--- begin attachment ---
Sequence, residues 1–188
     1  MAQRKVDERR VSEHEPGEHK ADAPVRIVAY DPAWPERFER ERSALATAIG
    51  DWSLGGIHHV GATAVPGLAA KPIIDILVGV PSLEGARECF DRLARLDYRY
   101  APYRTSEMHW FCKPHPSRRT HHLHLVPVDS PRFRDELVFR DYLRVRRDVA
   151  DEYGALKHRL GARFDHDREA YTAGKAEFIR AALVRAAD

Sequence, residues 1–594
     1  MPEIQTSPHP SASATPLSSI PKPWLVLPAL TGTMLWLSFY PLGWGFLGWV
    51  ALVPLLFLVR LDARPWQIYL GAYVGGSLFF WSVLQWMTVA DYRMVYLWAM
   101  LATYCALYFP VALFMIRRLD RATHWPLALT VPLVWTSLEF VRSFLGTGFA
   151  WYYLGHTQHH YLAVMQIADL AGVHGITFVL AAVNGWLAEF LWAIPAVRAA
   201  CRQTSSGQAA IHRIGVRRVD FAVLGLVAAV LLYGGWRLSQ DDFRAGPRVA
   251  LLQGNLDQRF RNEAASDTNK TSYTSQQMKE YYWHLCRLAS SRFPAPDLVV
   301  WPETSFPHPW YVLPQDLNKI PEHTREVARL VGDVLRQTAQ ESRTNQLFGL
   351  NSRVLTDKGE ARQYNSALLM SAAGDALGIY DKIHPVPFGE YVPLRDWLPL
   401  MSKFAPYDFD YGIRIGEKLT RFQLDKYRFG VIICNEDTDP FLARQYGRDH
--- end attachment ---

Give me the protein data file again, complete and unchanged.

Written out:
Sequence, residues 1–188
     1  MAQRKVDERR VSEHEPGEHK ADAPVRIVAY DPAWPERFER ERSALATAIG
    51  DWSLGGIHHV GATAVPGLAA KPIIDILVGV PSLEGARECF DRLARLDYRY
   101  APYRTSEMHW FCKPHPSRRT HHLHLVPVDS PRFRDELVFR DYLRVRRDVA
   151  DEYGALKHRL GARFDHDREA YTAGKAEFIR AALVRAAD

Sequence, residues 1–594
     1  MPEIQTSPHP SASATPLSSI PKPWLVLPAL TGTMLWLSFY PLGWGFLGWV
    51  ALVPLLFLVR LDARPWQIYL GAYVGGSLFF WSVLQWMTVA DYRMVYLWAM
   101  LATYCALYFP VALFMIRRLD RATHWPLALT VPLVWTSLEF VRSFLGTGFA
   151  WYYLGHTQHH YLAVMQIADL AGVHGITFVL AAVNGWLAEF LWAIPAVRAA
   201  CRQTSSGQAA IHRIGVRRVD FAVLGLVAAV LLYGGWRLSQ DDFRAGPRVA
   251  LLQGNLDQRF RNEAASDTNK TSYTSQQMKE YYWHLCRLAS SRFPAPDLVV
   301  WPETSFPHPW YVLPQDLNKI PEHTREVARL VGDVLRQTAQ ESRTNQLFGL
   351  NSRVLTDKGE ARQYNSALLM SAAGDALGIY DKIHPVPFGE YVPLRDWLPL
   401  MSKFAPYDFD YGIRIGEKLT RFQLDKYRFG VIICNEDTDP FLARQYGRDH